Nic:
We had a dining room in the office. We would say to people like, so this is the work room, this is the meeting room, and this is the dining room, and it was great.

Nathalie:
So, it doesn’t quite work anymore because it’s too many of us now, so we tend to have … But I think it’s quite rare that someone goes on the lunch break on their own, unless they go out, but otherwise we always have lunches of two, three or four people together because it’s the social time.

Nathalie:
Also when you onboard junior team members, I think it’s quite important to see them to be able to show them things on the screen and to be with them in the same room. It’s easier to train a junior developer when you’re in the same room than when you’re remote.

Nic:
I tend to react on people’s like body language, people’s face expressions, and not being able to be in the same room as the other developers and especially the juniors. I can’t see when they’re frustrated, I can’t see where they might be blocked, and I can’t just have this kind of like nudge of like, “Hey, everything is okay, or hey, let’s go for coffee and let’s chat. Let’s talk about your problem differently.”

Nic:
And you have to wait for them to raise their hand and say, “I’m stuck.” But you don’t know how long they’ve been stuck for. And we had again the example this afternoon where someone got stuck for a couple of hours and it was one line missing kind of thing. But when you see their frustration building on, on somebody else’s desk, you can go there and like just ask casually, or just the fact that you’re passing by, not even asking. Just the fact that you’re passing by, they may actually stop and say, “Hey Nick, can you have a look over here?”

Nathalie:
Yeah.

Nic:
So, they’re missing that.

Nathalie:
And the final one is being with the clients in the same office. I mean, discovery sessions, meetings, there is nothing that will beat that. Again, that thing of being all together around one table, being able to discuss with multiple skills around the table, and I think for that reason … And again, you can always arrange to meet them in another office. And so it’s just not quite the same as having them … Your office feels like your home, like it’s your company home and you welcome your client at home.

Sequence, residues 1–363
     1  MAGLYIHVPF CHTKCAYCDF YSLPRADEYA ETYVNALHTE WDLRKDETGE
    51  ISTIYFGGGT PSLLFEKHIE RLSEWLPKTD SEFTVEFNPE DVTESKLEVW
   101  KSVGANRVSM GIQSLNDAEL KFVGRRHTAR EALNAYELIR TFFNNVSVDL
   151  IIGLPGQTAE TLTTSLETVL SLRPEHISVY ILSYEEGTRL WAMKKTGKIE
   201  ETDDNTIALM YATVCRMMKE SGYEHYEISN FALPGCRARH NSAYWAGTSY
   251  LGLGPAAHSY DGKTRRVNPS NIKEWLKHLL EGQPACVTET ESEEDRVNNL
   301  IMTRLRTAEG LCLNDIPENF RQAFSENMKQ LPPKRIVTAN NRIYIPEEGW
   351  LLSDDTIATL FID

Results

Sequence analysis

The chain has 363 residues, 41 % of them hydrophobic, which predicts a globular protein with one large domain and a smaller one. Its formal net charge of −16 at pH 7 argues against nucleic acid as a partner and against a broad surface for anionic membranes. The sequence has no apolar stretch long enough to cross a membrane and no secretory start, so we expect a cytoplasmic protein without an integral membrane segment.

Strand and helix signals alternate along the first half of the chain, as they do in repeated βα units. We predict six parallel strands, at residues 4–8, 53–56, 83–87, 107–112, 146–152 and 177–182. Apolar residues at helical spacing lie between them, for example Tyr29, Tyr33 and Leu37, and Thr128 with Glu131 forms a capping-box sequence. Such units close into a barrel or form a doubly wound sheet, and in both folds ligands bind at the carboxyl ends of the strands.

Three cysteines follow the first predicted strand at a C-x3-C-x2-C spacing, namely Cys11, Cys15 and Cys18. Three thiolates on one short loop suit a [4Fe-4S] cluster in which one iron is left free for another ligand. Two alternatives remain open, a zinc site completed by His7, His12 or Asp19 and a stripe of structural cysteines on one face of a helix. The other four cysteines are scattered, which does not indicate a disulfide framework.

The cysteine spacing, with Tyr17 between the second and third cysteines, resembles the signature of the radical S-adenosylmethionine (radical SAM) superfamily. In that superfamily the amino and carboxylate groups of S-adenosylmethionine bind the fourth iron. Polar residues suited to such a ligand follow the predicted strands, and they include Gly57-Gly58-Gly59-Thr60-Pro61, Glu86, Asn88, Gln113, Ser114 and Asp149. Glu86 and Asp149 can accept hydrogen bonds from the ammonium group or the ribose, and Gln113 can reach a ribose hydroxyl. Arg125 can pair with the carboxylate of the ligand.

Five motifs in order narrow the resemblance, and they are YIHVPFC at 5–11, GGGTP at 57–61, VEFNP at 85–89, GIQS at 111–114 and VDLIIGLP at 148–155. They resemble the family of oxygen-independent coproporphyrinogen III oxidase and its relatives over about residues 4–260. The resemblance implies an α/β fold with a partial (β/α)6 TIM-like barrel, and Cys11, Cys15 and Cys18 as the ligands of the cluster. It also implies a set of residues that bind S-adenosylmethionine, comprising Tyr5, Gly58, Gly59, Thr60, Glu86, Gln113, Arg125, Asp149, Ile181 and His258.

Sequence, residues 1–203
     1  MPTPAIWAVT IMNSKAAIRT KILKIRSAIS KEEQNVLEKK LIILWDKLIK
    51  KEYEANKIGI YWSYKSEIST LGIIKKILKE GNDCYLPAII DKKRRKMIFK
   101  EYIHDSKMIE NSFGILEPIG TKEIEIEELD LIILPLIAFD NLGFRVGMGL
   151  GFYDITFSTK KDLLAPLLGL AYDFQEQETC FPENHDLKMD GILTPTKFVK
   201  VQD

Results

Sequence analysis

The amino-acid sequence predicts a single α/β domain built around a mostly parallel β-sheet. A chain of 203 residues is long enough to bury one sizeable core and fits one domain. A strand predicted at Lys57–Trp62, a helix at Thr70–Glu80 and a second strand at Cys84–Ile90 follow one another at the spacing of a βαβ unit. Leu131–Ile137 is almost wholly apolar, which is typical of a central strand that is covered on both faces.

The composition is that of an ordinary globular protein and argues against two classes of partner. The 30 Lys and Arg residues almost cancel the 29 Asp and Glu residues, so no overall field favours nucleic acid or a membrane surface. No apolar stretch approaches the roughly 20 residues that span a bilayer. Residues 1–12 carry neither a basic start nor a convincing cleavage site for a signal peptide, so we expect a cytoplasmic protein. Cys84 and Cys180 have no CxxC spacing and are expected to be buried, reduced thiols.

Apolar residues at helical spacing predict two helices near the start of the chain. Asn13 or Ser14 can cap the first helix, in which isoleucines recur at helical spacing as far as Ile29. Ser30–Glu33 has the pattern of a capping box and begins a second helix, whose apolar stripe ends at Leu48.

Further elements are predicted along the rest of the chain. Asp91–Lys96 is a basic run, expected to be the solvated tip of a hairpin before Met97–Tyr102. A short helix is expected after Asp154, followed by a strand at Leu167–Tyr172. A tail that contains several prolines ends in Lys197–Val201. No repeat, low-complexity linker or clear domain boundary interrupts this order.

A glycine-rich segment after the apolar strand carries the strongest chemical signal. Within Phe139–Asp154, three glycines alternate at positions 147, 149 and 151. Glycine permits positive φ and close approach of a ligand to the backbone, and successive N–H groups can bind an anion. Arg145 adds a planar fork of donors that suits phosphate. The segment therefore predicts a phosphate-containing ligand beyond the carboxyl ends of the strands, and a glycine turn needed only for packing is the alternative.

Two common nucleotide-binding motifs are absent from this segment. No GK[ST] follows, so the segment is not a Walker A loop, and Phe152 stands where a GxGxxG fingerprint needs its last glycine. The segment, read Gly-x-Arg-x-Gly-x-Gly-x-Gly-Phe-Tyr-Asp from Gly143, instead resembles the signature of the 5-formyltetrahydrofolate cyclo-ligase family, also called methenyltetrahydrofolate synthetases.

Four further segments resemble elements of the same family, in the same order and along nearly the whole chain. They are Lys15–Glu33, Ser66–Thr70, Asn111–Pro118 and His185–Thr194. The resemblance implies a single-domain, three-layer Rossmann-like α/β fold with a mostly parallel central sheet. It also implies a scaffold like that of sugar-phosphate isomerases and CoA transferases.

Nathalie:
And that’s how I feel when they come through the door. And you want them to feel part of a team, and yeah. So, that I think is really important, and even though offices are really expensive in Bristol, I am not envisaging to just not have one at the moment. I think it would be the wrong move for us.

Nic:
So, we’re not going to move her for remote operation?

Nathalie:
No, but I think he knew that Nick.

Nic:
Yeah. But we are still going to be flexible. I think that’s the most important part.

Nathalie:
Yeah. I think flexibility is the most important part for a lot of reasons, for you parenting the team, for someone like Denis who spent a month in Kenya last year because he went to talk at a Ruby conference and then stayed for a whole month to visit the country. For anyone, I think it’s a luxury that we can afford because it actually doesn’t cost us much, but it makes our team members happier I think, I hope, to let them choose where they work from and to have that flexibility and so why not do it?

Nic:
Cool. Well, thank you. Any big element this week, big thing happening for you this week?

Nathalie:
So, we are recruiting a project manager, as we said last week in our last podcast. I’ve received a few candidates already, so I need to sort of set up interviews and go through that process, and again to get more CVs through.

Nic:
Cool. Well, and we’re also recruiting for back-end and front-end developers. So, if you hear that, send your CVS. So, I think it’s time for a wrap-up and then we’re going to go for dinner now.

Nathalie:
Yes.

Nic:
I’m very excited by dinner. Thank you very much for listening. If you want to leave us a review, we are on Apple and Spotify. Search for the Tough Cookies podcast. Thank you very much all for all your messages that we receive on LinkedIn and Twitter. I will see you next week again with Nat at the same time.

Nathalie:
Yep, bye.

Nic:
Bye.